Milligan, Kevin, and David A. Wise. "Social Security and Retirement around the World: Historical Trends in Mortality and Health, Employment, and Disability Insurance Participation and Reforms." HKS Faculty Research Working Paper Series RWP11-007, January 2011.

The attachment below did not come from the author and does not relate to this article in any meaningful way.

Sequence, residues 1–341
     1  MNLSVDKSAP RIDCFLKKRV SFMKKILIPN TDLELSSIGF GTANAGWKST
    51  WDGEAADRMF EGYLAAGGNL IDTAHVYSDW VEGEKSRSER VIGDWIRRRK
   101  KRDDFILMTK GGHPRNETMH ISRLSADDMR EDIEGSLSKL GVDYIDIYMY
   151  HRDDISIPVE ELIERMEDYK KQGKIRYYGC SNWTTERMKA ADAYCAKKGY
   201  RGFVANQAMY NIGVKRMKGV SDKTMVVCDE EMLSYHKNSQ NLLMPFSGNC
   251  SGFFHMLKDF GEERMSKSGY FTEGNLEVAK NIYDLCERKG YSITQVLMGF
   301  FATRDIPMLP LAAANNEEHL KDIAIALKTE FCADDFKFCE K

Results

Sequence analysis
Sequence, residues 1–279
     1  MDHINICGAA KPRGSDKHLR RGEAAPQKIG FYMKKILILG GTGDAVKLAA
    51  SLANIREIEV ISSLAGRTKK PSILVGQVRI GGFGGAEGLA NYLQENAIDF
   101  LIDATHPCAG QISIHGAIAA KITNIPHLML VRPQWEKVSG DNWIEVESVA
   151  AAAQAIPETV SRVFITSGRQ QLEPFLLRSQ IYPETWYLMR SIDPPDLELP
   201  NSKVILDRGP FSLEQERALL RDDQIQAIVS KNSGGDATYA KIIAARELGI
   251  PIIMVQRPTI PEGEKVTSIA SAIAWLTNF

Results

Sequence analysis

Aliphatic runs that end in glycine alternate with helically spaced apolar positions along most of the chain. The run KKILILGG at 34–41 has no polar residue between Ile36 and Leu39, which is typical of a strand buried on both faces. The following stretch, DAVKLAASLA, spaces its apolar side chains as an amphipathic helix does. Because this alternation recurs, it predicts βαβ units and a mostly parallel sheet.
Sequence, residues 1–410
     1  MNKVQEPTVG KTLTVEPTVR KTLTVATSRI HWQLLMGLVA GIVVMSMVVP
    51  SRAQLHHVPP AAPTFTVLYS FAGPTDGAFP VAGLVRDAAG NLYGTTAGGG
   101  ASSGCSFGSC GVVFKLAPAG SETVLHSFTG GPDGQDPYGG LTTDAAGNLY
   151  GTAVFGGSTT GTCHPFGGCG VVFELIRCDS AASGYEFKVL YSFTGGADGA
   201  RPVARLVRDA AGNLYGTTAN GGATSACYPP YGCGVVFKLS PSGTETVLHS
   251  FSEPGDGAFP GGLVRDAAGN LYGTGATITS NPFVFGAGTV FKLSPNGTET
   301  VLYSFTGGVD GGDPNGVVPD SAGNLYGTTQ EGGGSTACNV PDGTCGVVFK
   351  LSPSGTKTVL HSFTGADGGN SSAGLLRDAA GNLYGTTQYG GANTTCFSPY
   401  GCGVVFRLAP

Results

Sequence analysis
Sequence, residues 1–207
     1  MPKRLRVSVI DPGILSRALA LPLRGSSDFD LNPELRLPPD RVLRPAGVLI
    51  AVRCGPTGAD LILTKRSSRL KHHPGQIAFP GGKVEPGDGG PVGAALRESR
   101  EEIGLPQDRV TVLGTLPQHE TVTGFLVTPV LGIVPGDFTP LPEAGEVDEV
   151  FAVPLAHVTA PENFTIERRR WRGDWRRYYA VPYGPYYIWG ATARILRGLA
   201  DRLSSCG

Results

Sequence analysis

This is the introduction and summary to the fifth phase of an ongoing project on Social Security Programs and Retirement Around the World. The first phase described the retirement incentives inherent in plan provisions and documented the strong relationship across countries between social security incentives to retire and the proportion of older persons out of the labor force. The second phase documented the large effects that changing plan provisions would have on the labor force participation of older workers. The third phase demonstrated the consequent fiscal implications that extending labor force participation would have on net program costs—reducing government social security benefit payments and increasing government tax revenues. The fourth phase presented analyses of the relationship between the labor force participation of older persons and the labor force participation of younger persons in twelve countries. We found no evidence that increasing the employment of older persons will reduce the employment opportunities of youth and no evidence that increasing the employment of older persons will increase the unemployment of youth. This phase is intended to set the stage for and inform future more formal analysis of disability insurance programs, with this key question: Given health status, to what extent are the differences in LFP across countries determined by the provisions of disability insurance programs? Here we first consider changes in mortality over time and in particular the relationship between mortality and labor force participation, thinking of mortality as one indicator of health that is comparable across countries and over time in the same country. We then consider how mortality is related to other indicators of health status, in particular self-assessed health and then how trends in DI participation are related to changes in health. Finally we consider the effect on disability insurance participation of “natural experiments” in which the disability insurance reforms were not prompted by changes in health status or by changes in the employment circumstances of older workers. We find that these “exogenous” reforms can have a very large effect on the labor force participation of older workers.